Today being Remembrance Sunday we had a Requiem for those fallen in the two world wars.
The Choir, plus stalwart organist plus a few extras, did a fantastic job on the Chants of the Requiem Mass, as did the Altar Servers with all their duties. On a musical level only hearing the Dies Irae, that melody so often quoted by composers, is a great thrill. Then I read the translation of the words. We're not messing around here. But I find the very stark warnings comforting because there's no hedging about, no platitudes, no euphemisms. No denial of death.
Conversation over coffee afterwards concentrated on what exactly was under the black material covering the catafalque (sp?). A few of us ( and not just children) suggested that we would have taken a peak had it not been for the fact that we were in Church and all.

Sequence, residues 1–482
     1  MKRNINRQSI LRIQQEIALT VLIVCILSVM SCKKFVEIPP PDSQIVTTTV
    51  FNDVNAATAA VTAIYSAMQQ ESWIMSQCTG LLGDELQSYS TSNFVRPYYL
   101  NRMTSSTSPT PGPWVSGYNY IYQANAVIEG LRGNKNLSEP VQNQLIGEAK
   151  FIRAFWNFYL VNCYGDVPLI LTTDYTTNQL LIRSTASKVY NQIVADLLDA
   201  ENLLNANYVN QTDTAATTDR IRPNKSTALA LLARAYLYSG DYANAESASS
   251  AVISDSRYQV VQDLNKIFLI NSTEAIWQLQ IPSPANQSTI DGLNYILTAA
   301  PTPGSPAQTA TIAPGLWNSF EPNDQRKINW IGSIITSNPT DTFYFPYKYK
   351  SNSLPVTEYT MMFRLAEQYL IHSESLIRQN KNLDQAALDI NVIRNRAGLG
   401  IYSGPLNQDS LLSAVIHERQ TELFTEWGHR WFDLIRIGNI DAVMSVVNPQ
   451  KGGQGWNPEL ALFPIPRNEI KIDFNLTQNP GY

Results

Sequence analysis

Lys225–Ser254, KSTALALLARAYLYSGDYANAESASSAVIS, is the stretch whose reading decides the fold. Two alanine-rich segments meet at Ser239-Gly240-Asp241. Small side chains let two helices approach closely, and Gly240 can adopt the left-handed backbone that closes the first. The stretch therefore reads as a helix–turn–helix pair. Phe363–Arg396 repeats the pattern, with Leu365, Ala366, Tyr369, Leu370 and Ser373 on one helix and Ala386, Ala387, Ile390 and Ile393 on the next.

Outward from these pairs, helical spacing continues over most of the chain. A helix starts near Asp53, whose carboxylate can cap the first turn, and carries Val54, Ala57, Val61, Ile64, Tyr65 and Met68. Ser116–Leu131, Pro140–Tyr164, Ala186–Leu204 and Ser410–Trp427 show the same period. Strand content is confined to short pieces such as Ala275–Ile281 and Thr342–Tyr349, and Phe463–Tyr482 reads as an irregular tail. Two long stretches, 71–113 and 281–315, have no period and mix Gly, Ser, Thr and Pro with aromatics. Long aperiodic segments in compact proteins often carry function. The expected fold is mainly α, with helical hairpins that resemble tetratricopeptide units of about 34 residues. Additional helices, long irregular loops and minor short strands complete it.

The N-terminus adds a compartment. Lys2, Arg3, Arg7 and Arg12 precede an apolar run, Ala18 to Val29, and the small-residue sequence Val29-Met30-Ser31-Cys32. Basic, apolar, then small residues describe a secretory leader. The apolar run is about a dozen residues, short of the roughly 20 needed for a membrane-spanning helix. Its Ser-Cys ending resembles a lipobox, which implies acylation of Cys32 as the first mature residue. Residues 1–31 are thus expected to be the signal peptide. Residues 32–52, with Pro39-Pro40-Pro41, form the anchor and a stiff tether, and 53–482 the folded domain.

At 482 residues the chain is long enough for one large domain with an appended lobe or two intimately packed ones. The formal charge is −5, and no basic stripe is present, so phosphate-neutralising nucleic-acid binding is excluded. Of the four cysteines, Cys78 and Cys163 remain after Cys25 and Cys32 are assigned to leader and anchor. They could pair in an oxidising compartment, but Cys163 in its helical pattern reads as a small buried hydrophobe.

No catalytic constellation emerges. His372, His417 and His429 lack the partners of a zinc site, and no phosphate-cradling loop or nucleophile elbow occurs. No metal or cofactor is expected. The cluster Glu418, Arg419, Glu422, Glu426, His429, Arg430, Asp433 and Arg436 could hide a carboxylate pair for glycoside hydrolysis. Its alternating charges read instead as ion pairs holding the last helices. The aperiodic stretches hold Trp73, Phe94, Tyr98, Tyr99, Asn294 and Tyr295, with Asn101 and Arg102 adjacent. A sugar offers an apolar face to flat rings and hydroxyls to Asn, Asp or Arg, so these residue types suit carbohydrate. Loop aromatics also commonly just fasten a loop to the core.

Earlier on in the week we Music Teachers plus Choir bulked up the singing at a local Remembrance event. A poignant moment occurred when two very elderly veterans, one of whom seemed only just able to walk unaided went to plant their crosses. The MC pointed out a step which they negotiated fine, but when one went to place his cross, his glasses fell off and neither were able to pick them up, so the MC had to rush over to save the day and escort them back to their places. It was touch and go whether either would fall and in front of around 300 people. As Grandma once said to me, 'Don't get old.'